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Stuxnet: protection in advance would have been possible

[Essen, 5 October 2010] The horror stories about the Stuxnet computer virus just don't seem to end. Solutions that protect against exactly these types of malicious attacks have existed though for many years. Because industrial espionage over the Internet and cyberwar attacks are already a reality, companies urgently need to protect themselves with the right measures.

"These types of catastrophe scenarios, particularly when it comes to sensitive industrial facilities, have long been under discussion and IT security experts have often developed theories that play out these scenarios. Which is why we are not surprised by the attack but by the ensuing commotion," explained Dr. Rainer Baumgart, CEO of secunet Security Networks AG.

The existence of Stuxnet has been known for months: the virus became prominent after its attack on the Iranian nuclear plant Bushehr was made public. In Germany, several Siemens customers have discovered it in their facilities. The virus poses a huge threat because it capitalizes on several security vulnerabilities in the operating system that were previously unknown. Conventional security software often fails as a result.

Companies need to deploy a security solution that protects them against all risks from the very outset regardless of their mechanism. This is usually achieved by rigorously partitioning sensitive applications and confidential data. If they do not have contact with other systems, they can also not be attacked from the outside.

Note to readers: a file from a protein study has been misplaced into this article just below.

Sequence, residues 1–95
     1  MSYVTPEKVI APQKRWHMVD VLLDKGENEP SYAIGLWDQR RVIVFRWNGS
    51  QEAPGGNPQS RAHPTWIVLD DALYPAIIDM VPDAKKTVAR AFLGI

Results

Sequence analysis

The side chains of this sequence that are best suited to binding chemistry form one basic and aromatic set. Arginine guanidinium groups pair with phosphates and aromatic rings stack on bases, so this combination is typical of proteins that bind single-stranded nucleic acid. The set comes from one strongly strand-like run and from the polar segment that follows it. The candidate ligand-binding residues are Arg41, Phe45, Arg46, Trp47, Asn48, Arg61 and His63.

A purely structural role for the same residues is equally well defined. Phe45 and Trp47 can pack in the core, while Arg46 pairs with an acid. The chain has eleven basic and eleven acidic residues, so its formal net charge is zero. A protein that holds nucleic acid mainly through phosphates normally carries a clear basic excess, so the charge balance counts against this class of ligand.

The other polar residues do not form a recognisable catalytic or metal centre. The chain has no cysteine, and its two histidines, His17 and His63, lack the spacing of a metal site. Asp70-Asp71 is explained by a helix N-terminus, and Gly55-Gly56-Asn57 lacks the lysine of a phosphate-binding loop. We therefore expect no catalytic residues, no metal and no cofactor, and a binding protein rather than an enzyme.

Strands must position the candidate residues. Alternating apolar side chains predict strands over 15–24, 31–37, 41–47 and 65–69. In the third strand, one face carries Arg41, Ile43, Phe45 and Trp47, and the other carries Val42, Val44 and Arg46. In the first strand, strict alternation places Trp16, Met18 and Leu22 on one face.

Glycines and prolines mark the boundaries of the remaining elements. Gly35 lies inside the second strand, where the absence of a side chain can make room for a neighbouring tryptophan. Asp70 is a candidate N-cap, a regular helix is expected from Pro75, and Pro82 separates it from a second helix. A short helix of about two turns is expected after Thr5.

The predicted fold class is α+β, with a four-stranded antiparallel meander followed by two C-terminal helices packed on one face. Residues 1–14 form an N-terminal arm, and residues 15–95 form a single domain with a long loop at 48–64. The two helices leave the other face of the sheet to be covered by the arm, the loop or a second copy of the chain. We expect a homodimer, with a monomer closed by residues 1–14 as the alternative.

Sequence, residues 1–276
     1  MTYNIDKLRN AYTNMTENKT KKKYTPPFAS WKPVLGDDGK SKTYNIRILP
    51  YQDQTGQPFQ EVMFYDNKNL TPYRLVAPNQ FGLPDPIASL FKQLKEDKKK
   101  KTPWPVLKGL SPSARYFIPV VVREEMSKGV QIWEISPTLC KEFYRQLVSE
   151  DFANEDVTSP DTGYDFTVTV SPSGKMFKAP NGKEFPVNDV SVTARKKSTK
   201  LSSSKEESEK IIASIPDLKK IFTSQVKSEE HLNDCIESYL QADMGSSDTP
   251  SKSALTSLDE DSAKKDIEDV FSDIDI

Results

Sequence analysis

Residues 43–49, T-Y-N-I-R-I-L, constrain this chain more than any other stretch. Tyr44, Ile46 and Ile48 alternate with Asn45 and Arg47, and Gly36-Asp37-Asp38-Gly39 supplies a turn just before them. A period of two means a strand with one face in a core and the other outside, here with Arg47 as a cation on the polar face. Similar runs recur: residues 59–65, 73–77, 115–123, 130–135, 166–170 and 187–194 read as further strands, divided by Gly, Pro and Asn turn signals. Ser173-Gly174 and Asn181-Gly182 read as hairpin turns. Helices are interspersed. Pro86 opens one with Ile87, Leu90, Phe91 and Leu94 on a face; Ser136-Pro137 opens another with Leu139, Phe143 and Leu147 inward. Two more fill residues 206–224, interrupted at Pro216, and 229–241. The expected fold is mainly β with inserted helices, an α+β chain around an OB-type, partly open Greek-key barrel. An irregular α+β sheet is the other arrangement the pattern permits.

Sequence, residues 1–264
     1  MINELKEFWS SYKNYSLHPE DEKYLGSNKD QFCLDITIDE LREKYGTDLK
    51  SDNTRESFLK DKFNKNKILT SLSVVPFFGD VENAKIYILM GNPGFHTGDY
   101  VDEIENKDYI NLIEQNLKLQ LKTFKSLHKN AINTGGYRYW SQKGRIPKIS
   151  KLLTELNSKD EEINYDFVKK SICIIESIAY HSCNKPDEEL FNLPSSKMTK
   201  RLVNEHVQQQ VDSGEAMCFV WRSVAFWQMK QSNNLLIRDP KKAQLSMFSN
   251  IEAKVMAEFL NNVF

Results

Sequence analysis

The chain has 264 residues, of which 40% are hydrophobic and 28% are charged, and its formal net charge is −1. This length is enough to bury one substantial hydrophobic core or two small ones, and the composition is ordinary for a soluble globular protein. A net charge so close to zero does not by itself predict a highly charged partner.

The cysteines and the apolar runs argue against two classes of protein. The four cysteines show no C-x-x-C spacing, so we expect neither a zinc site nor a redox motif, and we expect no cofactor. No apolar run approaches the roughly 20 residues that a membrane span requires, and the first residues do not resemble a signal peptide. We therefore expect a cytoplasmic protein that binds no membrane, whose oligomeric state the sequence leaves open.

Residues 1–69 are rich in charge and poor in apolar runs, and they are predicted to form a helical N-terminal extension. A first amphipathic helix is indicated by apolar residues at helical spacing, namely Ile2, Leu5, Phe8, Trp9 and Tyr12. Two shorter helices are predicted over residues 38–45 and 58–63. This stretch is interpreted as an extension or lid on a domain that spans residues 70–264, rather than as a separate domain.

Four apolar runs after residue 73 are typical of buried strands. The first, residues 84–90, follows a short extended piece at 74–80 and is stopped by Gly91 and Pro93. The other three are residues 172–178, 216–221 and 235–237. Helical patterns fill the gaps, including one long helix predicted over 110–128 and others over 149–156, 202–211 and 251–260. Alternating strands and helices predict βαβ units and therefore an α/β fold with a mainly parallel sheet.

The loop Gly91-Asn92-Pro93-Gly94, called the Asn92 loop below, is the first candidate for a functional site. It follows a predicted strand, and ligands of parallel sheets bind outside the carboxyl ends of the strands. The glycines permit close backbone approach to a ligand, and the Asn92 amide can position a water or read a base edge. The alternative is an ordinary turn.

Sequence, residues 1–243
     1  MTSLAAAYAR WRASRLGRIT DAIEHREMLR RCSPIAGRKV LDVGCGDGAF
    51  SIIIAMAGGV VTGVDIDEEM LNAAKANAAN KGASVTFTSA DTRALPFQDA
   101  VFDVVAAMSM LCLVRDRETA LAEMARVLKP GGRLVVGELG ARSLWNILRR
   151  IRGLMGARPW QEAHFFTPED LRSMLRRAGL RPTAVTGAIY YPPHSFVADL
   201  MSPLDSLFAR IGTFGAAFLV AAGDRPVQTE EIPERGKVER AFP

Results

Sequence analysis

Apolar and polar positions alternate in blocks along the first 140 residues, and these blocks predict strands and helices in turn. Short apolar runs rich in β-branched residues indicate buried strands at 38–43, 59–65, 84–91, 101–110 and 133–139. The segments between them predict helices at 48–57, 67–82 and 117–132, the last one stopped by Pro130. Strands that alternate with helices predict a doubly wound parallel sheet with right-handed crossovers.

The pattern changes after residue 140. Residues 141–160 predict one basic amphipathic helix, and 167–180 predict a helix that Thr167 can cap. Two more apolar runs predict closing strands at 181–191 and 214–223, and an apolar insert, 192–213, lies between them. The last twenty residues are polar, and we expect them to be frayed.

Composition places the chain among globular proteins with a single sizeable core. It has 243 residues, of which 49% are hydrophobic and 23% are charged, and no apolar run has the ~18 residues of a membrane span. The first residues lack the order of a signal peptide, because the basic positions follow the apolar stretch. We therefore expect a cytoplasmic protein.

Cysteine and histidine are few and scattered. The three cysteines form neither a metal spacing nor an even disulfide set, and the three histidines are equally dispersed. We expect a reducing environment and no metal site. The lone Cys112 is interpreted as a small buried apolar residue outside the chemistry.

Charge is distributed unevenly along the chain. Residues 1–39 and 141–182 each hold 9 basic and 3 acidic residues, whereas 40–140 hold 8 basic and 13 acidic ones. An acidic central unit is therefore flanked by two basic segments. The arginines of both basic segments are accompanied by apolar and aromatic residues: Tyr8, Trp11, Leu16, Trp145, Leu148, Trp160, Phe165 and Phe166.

"Conversely, these types of solutions isolate threatened networks or networks that have already been infected from other control areas to prevent the malware that has made it into the system from reaching other security-critical systems," added Dr. Rainer Baumgart. "Because these solutions have already been available for many years, the risk posed by Stuxnet could have been prevented if the company had adequately invested in security at the right time."

As early as 2000, secunet developed a concrete solution for attacks of this quality working closely with the German Federal Office for Information Security (BSI). The SINA technology (Secure Inter-Network Architecture) makes it possible, for example, to operate virtualized Windows and Linux guest systems with different classifications at the same time and are strictly separate from one another. This technology avoids the intrusion of a virus or isolates viruses that have made it into the operating system and prevents them from spreading. This guarantees strict system security, even against threats that are today unknown, without significantly restricting the user's ability to work.